Why your EHR is just not enough

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The crucial capabilities missing from your EHR.

Health system leaders are increasingly looking to deploy sophisticated techniques to improve operational efficiency and mine the enormous amount of clinical, operational, and financial data that already exists within their electronic health records (EHRs). This begs the natural question—if the data mostly exists in the EHR, why can’t the EHR do these things for us?

Many EHR vendors will assert that their platform can perform these functions, or if not will soon be doing so in an upcoming release. The senior leadership in the health system would like to believe that the EHR they selected can deliver these capabilities. After all, they invested tens or hundreds of millions of dollars and a countless number of FTE-hours deploying the EHR.

The EHR is excellent at doing what it was designed and chosen to do—harnessing all of the clinical, financial, operational, and patient-specific data in one place to create a single source of truth for the entire health system. It provides a unified view of all patient encounters across time and across all points of care, showing clinicians and staff a current view of the patient’s unique characteristics; however, the EHR cannot perform tasks it wasn’t built to perform.

There are three fundamental reasons why your EHR isn’t enough:


1. EHRs have a flawed concept of an appointment.

Every EHR treats an appointment as if it were a “reservation of the specific resource for the expected duration of the appointment.” Hence, when a two-hour infusion appointment is being scheduled, the EHR enables the scheduler to “reserve” an infusion chair from 9:00am to 11:00am on a specific day. This is an excellent way to schedule tennis courts or conference rooms because the exact start and end time of the reservation is known at the time of making the appointment. Unfortunatley, this is inadequate for scheduling a clinical encounter which will likely not start or end on time and, if it does run long, cannot be terminated midstream. This is why the scheduling grids displayed on the EHR look wonderful when the day begins and fall apart as soon as appointments start to deviate from the planned schedule.


2. EHRs encourage a first-come-first-scheduled mindset.

Every EHR displays availability on each day into the future and encourages schedulers to “offer the patient their choice of available slots” believing that this is a patient-centric approach to scheduling. This is as helpful as attempting to solve a jigsaw puzzle by putting pieces on the table in the order they were handed to you. It also confuses the concept of scheduling with the concept of optimization. Scheduling is the act of putting an appointment on the calendar, whether on paper or online. Optimization is the method for determining the correct slot for that specific type of appointment—this must be done before the appointment can be placed on the calendar with whatever scheduling mechanism is being used.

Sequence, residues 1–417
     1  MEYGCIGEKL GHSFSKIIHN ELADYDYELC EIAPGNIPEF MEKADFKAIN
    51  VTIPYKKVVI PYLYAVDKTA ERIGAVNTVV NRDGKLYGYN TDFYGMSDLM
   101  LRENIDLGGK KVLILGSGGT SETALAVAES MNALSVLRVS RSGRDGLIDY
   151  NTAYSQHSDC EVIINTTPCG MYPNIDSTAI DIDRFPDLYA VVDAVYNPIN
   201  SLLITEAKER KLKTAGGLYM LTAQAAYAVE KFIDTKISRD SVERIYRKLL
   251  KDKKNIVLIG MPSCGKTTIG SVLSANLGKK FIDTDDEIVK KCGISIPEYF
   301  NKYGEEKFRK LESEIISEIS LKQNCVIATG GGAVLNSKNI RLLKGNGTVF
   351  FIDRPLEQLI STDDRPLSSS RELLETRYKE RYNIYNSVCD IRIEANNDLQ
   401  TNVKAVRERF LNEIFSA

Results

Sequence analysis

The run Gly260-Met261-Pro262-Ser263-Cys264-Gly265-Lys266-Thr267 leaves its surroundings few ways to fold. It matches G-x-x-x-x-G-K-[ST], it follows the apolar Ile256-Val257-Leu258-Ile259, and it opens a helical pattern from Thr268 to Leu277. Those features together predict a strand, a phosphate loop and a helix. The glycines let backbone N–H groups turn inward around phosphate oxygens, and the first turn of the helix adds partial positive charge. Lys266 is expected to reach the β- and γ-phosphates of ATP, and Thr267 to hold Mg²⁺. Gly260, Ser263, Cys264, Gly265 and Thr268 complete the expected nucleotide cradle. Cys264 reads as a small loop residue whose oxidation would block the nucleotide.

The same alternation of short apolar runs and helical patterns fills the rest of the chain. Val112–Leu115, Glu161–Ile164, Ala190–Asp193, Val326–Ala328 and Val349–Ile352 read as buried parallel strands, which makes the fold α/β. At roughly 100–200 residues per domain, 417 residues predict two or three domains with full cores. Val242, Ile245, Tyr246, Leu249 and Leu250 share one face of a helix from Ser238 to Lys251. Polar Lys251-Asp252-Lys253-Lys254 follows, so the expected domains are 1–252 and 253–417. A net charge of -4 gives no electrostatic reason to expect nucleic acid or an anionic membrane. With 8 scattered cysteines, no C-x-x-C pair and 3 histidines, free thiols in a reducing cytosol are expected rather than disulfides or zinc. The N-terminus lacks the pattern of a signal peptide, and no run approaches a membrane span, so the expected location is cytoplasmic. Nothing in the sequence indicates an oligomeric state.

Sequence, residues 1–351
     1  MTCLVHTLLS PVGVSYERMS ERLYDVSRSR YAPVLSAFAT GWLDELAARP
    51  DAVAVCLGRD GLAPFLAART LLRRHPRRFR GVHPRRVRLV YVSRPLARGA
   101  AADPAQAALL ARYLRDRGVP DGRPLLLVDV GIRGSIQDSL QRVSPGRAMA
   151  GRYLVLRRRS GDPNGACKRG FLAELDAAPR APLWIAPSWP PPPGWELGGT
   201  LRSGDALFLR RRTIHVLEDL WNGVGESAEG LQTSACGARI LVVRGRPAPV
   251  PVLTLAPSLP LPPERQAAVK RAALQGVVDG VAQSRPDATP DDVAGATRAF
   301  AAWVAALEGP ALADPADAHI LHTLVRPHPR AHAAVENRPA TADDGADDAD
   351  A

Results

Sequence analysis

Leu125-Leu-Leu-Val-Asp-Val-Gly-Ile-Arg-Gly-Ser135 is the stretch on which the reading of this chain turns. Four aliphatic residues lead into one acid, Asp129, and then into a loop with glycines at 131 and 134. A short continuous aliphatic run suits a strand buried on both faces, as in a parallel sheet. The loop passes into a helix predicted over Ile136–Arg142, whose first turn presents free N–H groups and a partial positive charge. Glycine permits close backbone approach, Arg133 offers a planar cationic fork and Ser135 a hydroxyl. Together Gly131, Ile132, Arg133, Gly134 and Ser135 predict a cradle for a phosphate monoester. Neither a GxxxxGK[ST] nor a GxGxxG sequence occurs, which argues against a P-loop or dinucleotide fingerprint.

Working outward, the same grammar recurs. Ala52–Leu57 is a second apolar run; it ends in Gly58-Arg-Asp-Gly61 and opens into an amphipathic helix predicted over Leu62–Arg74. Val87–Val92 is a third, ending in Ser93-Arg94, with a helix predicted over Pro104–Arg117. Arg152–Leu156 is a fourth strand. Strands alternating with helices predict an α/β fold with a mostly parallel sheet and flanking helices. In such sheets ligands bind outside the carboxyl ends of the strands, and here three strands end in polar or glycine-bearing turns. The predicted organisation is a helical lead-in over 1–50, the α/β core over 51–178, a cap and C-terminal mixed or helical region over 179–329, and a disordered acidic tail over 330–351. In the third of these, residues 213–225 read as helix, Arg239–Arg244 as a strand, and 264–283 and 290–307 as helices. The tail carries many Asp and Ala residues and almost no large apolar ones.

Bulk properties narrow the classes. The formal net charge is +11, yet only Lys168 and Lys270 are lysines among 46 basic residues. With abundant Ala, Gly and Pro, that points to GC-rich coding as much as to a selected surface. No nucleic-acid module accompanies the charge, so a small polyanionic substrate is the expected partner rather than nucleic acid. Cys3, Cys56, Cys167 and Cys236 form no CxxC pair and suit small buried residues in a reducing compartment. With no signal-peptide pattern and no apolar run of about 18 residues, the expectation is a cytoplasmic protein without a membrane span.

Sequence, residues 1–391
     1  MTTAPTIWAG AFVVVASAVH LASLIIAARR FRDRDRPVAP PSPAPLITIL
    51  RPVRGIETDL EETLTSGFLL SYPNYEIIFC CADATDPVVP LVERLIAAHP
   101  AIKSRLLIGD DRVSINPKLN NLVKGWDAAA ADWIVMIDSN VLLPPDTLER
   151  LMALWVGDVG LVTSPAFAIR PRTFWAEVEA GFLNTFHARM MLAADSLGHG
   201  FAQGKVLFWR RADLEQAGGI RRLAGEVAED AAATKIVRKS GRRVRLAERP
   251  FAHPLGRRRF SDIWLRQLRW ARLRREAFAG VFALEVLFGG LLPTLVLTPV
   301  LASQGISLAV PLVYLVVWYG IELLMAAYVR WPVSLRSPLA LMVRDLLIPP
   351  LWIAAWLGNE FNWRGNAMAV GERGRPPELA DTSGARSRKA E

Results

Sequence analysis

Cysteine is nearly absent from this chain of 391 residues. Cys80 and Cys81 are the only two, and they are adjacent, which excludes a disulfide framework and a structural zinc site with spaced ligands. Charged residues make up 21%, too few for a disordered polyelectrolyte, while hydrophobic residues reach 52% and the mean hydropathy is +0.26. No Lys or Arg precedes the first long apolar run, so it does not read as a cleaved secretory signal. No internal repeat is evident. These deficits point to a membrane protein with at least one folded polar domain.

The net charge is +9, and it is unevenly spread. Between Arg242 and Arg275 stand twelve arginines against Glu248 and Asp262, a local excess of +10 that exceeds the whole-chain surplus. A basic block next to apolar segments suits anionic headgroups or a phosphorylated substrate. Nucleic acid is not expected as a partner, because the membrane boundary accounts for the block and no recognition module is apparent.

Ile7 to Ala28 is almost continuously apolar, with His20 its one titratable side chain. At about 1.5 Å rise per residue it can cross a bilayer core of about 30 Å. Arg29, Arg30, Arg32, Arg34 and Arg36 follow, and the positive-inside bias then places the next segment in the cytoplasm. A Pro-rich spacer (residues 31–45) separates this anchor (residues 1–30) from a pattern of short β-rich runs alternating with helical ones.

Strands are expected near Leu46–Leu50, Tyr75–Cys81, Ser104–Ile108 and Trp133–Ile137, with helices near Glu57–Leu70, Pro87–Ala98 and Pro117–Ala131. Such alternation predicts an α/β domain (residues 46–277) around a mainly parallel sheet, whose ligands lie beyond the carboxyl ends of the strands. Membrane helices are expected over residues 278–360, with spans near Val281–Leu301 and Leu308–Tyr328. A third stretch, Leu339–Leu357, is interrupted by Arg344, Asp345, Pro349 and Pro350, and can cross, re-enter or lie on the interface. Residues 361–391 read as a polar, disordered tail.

3. EHRs do not have capacities for probability theory or discrete event simulation.

Complex scheduling environments rely extensively on advanced mathematical methods like probability theory and discrete event simulation. This is why airlines routinely overbook flights knowing that there will be cancelations and no-shows which will be offset by the extra standby and upgrade passengers. No EHR function accounts for these realities. You cannot book three appointments into two slots nor can you book a three-hour appointment into a two-hour slot. Instead, the EHR gives you a blunt “overbooking” instrument and leaves it to frontline staff to estimate the number of overbooked appointments and the placement of each one in a manner that would be minimally disruptive.

Understandably, health systems have challenged their EHR partners to help them solve some of these problems. In response, most EHRs have built robust dashboard and reporting capabilities and facilitated the smooth transfer of data into analytic tools like Tableau or Power BI. Dashboards are nice but they do not solve the problem. Some health systems go a step further and provide future-looking predictions and alerts. Those can be helpful but only if they predict something unique or alert you to something unexpected.

Enabling the frontline to make rapid decisions based on prescriptive recommendations requires building predictive analytics, probability theory, constraint-based optimization, discrete event simulation, machine learning and AI algorithms at scale in order to fully leverage the data that exists in the EHR.

These capabilities simply do not exist in your EHR, which is why your EHR isn’t enough.